Researchers have studied the journey of clean energy technologies from the lab to the market, including First Solar’s thin-film cadmium telluride solar modules.
Corresponding PV Magazine USA
Research and development are essential for the development of new technologies. But there are many other hurdles to overcome to get from the lab to the market.
Analysts from the National Renewable Energy Laboratory (NREL), the Joint Institute for Strategic Energy Analysis (JISEA) and the US Department of Energy (DoE) examined the commercialization of four clean energy technologies. They considered the case of thin-film solar modules, wind turbines, double-flow evaporators for refrigeration, and fuel cells for handling equipment.
The conclusions of these analyzes published in the article Frontiers in energy research, found three common elements for successful advances in commercialization: (1) a good match between public-private partnerships, R&D infrastructure and the technology itself; (2) favorable alignment of government regulations, R&D priorities and market trends; and (3) the right timing between technology availability and market opportunity.
“These insights can help inform clean energy investment decisions, maximize R&D gains, and drive the transition to a productive low-carbon future.2 said Wyatt Merrill, chief technology officer at DoE and co-author of the study.
The thin film solar system case study focuses on First Solar, a US manufacturer that benefited from the Department of Energy (DoE) photovoltaic research and received direct DoE funding for the research between the 1980s and 2000s. Researchers attribute First Solar’s early success to the company’s ability to meet the regulatory requirements of the first major market for thin-film PV technology and to deliver a proven price point when the market was ready.
In the early stages of thin film research, a notable breakthrough showed a record (then) efficiency of 15.8% for a cell using a cadmium chloride (CdCl2). First Solar has co-developed a high-level vapor transport deposition technique to manufacture CdTe-based modules at scale, providing an alternative to the slower and more expensive indoor sublimation process.
With the right equipment efficiencies and scalable manufacturing processes in place, R&D could focus on testing and validating the product’s reliability. First Solar used testing standards, product quality certifications, and outdoor test facilities funded by the DoE and operated by Arizona State University and NREL to prove in 2003 that its modules were ready to enter the solar market.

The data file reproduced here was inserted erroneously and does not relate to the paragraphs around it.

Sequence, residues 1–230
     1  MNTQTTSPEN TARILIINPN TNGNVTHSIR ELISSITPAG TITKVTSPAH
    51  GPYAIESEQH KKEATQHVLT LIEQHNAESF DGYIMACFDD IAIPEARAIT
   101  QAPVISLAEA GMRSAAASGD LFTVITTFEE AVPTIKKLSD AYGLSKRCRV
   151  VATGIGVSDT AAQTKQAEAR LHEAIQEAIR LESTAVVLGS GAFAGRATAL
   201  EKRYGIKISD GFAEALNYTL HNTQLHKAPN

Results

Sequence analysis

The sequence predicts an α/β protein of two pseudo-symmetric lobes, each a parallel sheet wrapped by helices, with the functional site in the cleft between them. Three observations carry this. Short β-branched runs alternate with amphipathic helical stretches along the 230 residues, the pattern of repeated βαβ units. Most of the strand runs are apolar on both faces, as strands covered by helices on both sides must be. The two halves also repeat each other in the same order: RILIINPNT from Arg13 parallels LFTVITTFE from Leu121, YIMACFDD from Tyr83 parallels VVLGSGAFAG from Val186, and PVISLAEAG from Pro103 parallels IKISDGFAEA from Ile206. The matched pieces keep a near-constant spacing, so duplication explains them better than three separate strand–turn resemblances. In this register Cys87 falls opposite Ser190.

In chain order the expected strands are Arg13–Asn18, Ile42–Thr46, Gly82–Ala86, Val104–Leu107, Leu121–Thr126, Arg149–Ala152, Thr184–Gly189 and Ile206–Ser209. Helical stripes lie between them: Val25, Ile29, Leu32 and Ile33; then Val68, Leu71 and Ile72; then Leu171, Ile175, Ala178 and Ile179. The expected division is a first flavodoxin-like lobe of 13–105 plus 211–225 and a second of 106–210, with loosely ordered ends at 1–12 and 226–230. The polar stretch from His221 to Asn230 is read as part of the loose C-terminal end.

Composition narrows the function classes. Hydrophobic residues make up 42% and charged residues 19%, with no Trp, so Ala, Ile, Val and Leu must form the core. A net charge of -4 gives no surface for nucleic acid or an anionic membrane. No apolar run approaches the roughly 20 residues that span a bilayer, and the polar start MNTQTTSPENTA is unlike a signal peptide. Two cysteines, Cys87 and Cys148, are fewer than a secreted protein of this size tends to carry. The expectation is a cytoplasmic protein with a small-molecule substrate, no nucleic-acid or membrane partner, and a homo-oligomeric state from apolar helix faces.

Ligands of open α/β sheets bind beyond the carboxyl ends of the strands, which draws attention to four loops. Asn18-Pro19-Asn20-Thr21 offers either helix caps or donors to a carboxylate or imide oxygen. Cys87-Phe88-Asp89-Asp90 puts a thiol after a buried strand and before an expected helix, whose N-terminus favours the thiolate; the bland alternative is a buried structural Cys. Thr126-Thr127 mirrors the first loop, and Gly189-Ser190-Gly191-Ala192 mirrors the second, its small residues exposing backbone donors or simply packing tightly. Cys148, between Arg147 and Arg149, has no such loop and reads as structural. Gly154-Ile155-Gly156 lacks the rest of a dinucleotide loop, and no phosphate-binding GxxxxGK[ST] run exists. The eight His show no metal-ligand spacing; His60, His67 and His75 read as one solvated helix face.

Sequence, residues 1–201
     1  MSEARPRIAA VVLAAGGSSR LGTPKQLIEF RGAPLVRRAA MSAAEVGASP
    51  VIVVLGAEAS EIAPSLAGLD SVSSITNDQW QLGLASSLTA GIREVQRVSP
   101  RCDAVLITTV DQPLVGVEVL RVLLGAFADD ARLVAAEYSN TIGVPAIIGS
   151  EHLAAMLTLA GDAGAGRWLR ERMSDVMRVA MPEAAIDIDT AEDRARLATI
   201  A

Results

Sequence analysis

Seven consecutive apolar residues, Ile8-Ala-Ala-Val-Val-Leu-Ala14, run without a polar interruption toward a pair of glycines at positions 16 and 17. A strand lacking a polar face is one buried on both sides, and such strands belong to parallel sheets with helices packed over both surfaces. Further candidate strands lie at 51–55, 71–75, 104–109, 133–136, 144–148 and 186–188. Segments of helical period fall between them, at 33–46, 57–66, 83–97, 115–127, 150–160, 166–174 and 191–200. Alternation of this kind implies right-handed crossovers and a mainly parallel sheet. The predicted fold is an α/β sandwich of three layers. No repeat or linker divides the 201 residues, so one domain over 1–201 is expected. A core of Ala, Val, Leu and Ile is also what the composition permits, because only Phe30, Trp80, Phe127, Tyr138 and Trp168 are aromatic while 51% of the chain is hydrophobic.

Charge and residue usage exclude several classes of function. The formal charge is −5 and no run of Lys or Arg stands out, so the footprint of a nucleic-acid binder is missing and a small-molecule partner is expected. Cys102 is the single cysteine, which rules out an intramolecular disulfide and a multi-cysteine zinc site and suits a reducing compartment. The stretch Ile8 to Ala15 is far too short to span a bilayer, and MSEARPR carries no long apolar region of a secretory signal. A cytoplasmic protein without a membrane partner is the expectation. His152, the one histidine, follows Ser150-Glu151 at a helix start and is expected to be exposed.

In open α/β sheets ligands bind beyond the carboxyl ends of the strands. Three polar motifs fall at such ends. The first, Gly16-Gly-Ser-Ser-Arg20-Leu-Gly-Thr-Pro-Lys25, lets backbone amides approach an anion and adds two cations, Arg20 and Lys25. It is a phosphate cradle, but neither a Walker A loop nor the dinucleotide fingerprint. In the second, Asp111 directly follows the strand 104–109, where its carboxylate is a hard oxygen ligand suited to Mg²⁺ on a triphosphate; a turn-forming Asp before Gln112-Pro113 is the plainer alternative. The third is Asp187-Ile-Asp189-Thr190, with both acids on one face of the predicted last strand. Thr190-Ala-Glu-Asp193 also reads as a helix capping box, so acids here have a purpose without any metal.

First Solar entered the robust German solar market in the 2000s, but first its modules had to meet certain energy efficiency and regulatory requirements, particularly around e-waste and restrictions on the use of certain toxic substances like cadmium. In 2004, efforts were made to address concerns about emissions and recyclability of CdTe PV modules through independent peer-reviewed studies.
Then, in 2004, First Solar signed its first contract for its thin compound semiconductor modules in the German market, marking a commercial turning point for CdTe-based PV. In 2005, First Solar announced a module take-back and recycling program in response to changes in European regulations. These actions have communicated First Solar’s responsiveness to regulatory issues and sufficiently addressed public risk perceptions to open doors to key markets.
While CdTe-based modules are less efficient than silicon-based modules, they cost less to manufacture and had the lowest price per watt benefit from his technology between the mid-2000s and mid-2010s.
“The thin-film PV case study underscores the importance of meeting regulatory requirements in the technology’s first major market,” said Marie Mapes, CTO and co-author of the study. In addition, the first successes were possible thanks to the proposal of a proven product at a price and at a time that the market was ready for.”
Key findings from the thin film PV case study identified the successful deployment of three key commercialization strategies: public/private development of a technology with many elements of commercial interest; the correspondence between the objectives set in terms of technological costs and the development of the product that makes it possible to achieve them; and the right timing between technology availability and market opportunities.
First Solar’s thin-film development benefits from decades of government funding, allowing it to conduct fundamental materials research and meet testing standards. The company was well prepared and able to offer the right product at the right time. CdTe photovoltaics with proven reliability was a lower cost alternative in the clean energy market and opened the door to several possibilities, which gave this solar technology its first commercial success.
The four case studies show how a good balance between technology, R&D and public-private partnership (not to mention the alignment between regulation, market trends and proper timing) can lead to a successful first commercialization of clean energy technologies.
Translation provided by Christelle Taureau.
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